Here’s a snapshot of the best bits from the April edition of Press Gazette magazine – which is jam-packed with useful stuff for anyone who is seriously interested in journalism.
Sky News special correspondent Alex Crawford (on the front cover) is not yet a household name. But she will be. No-one else has ever won three RTS journalist of the year prizes.
She has most recently been on our screens with some brave reporting from the frontline of the Arab-nation revolts.
Asked whether she finds it hard to remain impartial covering such emotive stories, she says: “When you are walking into a hospital and seeing people dying in front of you from bullet wounds, unarmed protestors who just criticised somebody, there’s no impartiality required. That’s just human.”
Editors and publishers at The Economist, Good Housekeeping, Monocle and The London Review of Books reveal some of the secrets behind their bumper paid-for circulation growth. At the LRB a new website is apparently bringing in 500 new subscribers a month.
Regional newspaper publisher Archant also reveals how some of its titles have defied the industry-wide circulation slump – and we also find out how Trinity Mirror’s Liverpool Echo is bucking the trend.
Want to launch an iPad app but haven’t got the $30m Rupert Murdoch spent on creating The Daily? Don’t worry, Ian Reeves reveals how you can do it for free.
Lori Miles‘s latest must-read column on the magazine industry looks at the amazing soaraway circulation success of a certain tabloid red-top – The Economist – and she asks whether IQ is the new porn for male magazine readers?
Alex Thomson reports from Japan on the behind-the-scenes story of covering the earthquake, Tsunami and nuclear disaster – and on sharing a bed with Jon Snow.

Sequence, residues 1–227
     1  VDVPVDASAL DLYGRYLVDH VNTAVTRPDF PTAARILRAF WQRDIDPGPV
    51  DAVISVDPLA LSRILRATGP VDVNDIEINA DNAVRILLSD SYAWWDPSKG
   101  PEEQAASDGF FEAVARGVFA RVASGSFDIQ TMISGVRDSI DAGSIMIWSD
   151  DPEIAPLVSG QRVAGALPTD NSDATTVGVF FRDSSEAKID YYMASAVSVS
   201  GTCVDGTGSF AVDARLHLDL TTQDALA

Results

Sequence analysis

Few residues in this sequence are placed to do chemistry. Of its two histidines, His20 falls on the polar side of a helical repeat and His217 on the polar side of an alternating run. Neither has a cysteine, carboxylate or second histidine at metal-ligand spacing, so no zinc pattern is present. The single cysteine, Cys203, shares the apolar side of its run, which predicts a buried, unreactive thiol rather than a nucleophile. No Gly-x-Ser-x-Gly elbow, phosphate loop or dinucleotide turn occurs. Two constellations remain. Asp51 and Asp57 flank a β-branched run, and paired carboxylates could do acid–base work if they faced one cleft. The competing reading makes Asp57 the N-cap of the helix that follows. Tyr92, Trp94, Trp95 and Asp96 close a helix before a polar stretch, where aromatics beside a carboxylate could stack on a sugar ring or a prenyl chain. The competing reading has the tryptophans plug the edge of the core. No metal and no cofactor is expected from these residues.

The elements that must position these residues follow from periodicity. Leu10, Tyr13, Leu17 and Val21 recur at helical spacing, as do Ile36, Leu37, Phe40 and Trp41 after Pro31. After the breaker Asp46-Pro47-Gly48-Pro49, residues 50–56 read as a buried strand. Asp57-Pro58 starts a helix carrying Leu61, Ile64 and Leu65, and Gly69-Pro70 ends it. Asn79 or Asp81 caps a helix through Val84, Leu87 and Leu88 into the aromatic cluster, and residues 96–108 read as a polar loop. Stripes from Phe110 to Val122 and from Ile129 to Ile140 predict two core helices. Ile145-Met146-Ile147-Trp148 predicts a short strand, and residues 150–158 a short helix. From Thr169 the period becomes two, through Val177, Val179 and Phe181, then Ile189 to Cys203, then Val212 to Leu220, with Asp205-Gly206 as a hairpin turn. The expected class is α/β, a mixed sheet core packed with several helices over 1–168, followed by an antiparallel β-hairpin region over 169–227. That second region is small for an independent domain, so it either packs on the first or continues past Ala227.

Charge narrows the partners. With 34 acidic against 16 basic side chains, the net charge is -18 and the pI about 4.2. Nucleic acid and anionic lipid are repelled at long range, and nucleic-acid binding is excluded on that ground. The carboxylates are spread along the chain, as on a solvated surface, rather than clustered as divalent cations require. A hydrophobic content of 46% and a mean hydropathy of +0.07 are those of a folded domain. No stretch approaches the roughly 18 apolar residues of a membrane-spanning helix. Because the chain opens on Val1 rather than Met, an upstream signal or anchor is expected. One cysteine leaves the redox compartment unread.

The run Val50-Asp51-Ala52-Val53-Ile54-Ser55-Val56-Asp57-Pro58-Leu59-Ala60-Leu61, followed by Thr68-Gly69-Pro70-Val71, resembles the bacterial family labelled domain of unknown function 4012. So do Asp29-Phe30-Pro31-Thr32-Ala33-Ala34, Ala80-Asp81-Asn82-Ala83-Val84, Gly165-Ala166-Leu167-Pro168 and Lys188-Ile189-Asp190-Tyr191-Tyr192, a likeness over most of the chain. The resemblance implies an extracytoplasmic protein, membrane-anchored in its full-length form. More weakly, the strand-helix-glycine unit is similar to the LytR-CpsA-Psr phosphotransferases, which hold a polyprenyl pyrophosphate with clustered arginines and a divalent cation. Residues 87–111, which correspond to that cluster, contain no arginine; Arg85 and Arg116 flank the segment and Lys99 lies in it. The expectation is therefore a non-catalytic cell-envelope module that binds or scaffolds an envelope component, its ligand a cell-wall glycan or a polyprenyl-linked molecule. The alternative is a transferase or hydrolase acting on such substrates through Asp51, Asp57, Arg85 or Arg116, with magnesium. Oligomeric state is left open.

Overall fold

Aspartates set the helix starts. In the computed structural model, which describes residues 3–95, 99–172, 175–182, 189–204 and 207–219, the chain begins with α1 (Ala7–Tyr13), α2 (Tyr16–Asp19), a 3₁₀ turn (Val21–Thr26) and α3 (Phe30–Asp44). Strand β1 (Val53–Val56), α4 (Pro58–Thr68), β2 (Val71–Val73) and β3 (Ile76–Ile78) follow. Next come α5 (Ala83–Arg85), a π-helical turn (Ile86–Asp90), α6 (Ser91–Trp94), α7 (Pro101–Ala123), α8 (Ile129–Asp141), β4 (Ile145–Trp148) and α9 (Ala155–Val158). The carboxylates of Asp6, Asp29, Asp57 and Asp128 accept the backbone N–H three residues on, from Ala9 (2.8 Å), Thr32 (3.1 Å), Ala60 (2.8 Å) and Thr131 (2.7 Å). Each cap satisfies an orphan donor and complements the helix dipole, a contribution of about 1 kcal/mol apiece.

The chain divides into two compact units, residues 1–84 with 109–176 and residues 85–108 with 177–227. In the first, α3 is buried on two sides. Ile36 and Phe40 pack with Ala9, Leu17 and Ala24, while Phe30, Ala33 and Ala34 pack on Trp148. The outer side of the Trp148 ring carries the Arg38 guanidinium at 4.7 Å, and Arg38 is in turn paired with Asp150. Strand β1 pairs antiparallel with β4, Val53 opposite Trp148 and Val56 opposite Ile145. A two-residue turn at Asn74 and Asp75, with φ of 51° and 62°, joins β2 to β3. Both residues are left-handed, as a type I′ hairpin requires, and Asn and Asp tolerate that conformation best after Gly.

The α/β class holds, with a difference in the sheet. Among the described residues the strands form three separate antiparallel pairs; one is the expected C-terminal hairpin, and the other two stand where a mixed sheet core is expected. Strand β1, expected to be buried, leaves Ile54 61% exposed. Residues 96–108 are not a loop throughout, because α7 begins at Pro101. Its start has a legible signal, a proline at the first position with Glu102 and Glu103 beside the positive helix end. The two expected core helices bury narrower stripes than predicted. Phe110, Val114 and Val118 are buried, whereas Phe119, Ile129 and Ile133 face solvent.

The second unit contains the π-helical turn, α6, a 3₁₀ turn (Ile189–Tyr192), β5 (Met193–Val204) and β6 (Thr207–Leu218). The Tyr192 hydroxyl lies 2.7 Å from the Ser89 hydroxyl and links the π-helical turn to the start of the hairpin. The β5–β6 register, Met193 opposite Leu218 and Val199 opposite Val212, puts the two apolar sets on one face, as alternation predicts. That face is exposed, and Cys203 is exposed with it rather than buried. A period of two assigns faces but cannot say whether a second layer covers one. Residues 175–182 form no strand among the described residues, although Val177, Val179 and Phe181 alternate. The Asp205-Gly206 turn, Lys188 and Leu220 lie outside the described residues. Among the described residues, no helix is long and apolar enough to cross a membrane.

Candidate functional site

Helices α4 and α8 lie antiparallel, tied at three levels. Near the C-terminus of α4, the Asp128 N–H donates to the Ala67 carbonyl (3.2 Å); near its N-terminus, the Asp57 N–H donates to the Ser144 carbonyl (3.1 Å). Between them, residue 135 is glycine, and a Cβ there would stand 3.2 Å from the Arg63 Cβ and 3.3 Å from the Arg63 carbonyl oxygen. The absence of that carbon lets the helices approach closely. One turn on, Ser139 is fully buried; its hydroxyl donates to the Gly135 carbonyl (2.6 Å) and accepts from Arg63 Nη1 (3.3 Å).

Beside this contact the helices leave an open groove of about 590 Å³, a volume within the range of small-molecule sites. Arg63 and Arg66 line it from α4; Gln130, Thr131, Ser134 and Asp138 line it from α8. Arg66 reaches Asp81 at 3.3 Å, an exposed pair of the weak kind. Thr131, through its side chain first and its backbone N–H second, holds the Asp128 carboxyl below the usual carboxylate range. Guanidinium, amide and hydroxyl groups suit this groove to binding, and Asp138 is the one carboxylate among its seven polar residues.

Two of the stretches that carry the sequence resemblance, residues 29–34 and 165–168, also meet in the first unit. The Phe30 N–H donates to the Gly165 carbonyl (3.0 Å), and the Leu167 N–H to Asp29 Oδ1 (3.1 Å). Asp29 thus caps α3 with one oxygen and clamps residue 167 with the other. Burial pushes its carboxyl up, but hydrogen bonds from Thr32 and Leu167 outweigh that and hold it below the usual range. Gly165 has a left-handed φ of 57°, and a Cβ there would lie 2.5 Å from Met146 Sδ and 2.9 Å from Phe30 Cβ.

Peter Kirwan explains why The Publican is now apparently worth barely one fifteenth the £21m price tag it fetched six years ago.
David Banks pays a birthday tribute to Rupert Murdoch by revealing the soft side of a media magnate more normally known for his ruthlessness.
And as he steps down after 33 years with the BBC – Kevin Marsh gives his side of the dodgy dossier row in-depth for the first time. Amazingly, Marsh was never called to testify to the Hutton Inquiry into the death of Dr David Kelly, even though he was editor of Today at the time Andrew Gilligan made his now infamous revelations in May 2003 about the government dossier making the case for war with Iraq.
“I was very confident the Gilligan story was substantially true, as indeed it was…There was a script, I saw the script – the script was fine…It was a slip of the tongue, it was early in the morning. I don’t think it was malicious.”
Marsh reveals how the whole terribly damaging row could have been averted if then Number 10 spin doctor Alastair Campbell had just called up and explained exactly what it was he was so upset about. Amazing stuff.
Read all about it only in the April edition of Press Gazette magazine, which goes in the post to subscribers on 1 April.